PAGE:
After careful consideration, we adhere to the allowance of nominal damages. We do this not because of any desire to maintain or preserve ancient forms. We find it practical and desirable as well as progressive to preserve the distinction between torts involving negligence, as in Jeffrey, and intentional torts as reflected in the case at bar. It seems fair and proper to vindicate plaintiff’s property rights in a valuable and useful chattel against intentional violation thereof even though plaintiff failed to introduce proper evidence of actual damages. We would classify a citizen’s right to use, possession and enjoyment of his automobile against intentional interference in the same important category as his right to maintain his real estate from intentional trespass as in Wetmore v. Ladies of Loretto, Wheaton, 73 Ill.App.2d 454, 467, 220 N.E.2d 491, or his reputation from intentional destruction as in Lorillard v. Field Enterprises, Inc., 65 Ill.App.2d 65, 78, 213 N.E.2d 1. In all of these instances, the law should grant protection and vindication by allowance of nominal damages. The distinction lies in the infliction of intentional wrong by the tort-feasor not present in Jeffrey but apparent in the case at bar. Consequently, we will not modify the result reached in the original opinion. The petition for rehearing is denied.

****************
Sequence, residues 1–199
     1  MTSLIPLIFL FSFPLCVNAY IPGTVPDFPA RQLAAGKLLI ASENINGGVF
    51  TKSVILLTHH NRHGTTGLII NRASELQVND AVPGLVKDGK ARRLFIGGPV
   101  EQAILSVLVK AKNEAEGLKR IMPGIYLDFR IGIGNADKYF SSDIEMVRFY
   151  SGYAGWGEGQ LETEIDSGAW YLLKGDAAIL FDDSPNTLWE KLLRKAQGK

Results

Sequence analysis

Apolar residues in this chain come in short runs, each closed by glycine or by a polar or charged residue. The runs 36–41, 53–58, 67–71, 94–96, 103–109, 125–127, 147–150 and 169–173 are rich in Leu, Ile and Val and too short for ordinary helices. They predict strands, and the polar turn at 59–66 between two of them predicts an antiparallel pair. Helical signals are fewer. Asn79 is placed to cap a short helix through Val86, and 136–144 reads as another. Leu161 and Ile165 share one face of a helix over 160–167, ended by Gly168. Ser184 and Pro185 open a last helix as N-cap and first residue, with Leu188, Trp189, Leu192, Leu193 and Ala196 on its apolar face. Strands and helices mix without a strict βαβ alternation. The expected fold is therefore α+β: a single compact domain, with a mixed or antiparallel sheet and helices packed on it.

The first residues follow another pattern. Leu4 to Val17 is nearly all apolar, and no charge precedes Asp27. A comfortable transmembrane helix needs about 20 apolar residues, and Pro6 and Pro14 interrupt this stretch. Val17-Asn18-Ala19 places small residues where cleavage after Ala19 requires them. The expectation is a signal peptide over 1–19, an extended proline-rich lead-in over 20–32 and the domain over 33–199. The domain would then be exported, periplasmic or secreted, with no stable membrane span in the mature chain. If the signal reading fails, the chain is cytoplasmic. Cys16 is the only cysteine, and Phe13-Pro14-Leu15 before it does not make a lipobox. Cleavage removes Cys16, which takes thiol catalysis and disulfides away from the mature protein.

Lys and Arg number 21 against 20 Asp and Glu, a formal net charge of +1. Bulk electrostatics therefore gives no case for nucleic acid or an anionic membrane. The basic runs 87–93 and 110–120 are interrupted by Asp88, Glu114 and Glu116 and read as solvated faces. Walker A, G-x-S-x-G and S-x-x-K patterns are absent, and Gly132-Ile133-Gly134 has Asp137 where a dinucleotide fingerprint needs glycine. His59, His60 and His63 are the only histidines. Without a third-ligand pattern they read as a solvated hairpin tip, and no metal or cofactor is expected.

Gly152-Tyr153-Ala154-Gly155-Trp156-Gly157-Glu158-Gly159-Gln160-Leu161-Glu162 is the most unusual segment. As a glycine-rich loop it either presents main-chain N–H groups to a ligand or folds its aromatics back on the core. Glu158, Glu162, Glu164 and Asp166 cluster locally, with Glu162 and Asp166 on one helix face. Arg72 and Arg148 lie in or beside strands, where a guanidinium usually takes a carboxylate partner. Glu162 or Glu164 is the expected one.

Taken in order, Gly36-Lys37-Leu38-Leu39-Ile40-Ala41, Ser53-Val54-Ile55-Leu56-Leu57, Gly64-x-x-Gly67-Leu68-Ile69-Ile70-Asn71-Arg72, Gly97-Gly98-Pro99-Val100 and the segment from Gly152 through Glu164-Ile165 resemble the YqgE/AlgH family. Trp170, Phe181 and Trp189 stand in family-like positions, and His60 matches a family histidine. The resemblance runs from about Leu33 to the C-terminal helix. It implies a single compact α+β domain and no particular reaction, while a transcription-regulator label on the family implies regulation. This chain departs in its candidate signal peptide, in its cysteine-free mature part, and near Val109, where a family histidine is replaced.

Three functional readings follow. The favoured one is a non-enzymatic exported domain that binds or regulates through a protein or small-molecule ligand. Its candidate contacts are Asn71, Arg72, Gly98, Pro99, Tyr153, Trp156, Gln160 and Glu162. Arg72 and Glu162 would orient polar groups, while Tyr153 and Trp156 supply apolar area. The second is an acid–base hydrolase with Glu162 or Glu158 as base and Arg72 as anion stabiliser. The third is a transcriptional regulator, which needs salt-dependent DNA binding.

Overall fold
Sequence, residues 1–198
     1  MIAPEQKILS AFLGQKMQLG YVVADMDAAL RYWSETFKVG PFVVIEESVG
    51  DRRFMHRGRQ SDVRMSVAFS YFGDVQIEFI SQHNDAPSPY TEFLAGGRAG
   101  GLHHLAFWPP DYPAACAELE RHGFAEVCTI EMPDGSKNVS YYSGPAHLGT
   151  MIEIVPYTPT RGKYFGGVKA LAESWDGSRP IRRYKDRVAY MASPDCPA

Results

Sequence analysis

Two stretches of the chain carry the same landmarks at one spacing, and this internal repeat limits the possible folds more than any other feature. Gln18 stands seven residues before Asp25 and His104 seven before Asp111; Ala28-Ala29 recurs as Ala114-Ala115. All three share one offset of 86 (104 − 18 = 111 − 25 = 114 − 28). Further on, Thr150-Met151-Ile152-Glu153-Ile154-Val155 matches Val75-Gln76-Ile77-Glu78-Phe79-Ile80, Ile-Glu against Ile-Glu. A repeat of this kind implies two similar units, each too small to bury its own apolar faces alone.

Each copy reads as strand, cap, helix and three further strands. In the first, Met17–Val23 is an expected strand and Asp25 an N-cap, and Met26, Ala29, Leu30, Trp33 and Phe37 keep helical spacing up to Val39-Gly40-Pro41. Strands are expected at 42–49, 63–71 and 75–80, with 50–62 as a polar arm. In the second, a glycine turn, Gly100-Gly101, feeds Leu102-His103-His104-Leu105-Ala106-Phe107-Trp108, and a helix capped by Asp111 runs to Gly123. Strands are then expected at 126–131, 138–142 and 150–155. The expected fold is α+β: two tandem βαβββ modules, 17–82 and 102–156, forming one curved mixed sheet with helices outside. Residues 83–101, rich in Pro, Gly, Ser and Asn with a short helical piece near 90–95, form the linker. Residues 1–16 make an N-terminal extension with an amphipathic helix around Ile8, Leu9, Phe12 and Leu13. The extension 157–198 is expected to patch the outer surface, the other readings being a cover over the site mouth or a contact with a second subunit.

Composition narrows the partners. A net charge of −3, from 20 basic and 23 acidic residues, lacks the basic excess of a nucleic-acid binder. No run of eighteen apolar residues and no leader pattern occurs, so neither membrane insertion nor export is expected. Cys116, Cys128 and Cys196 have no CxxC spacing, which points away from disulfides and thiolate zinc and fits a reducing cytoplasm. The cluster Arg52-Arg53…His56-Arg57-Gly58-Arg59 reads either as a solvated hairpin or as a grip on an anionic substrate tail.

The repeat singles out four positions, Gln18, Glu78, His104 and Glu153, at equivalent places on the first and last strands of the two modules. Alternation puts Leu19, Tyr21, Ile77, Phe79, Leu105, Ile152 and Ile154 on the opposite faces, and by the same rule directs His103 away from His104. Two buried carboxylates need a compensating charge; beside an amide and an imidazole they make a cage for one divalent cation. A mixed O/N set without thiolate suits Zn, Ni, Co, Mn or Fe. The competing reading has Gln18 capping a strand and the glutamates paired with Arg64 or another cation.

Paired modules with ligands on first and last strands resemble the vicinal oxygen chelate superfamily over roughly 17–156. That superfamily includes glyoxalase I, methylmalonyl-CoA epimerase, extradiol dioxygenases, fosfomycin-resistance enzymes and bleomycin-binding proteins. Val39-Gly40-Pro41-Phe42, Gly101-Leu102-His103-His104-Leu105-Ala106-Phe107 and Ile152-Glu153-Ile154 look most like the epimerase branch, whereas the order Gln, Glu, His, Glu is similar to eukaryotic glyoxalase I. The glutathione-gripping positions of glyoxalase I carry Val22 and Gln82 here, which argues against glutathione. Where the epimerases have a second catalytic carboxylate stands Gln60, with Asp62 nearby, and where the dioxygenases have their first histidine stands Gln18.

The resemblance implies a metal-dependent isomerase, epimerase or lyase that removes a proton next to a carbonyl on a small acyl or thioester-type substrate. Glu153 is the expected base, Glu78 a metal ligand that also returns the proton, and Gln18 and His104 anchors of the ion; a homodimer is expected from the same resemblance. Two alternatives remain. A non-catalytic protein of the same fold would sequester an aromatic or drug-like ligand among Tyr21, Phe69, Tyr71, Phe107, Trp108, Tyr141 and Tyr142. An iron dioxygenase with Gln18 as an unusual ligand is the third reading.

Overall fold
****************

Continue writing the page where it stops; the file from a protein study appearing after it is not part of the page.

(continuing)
Judgment reversed and cause remanded with directions.

BURKE, P. J., and EGAN, J., concur.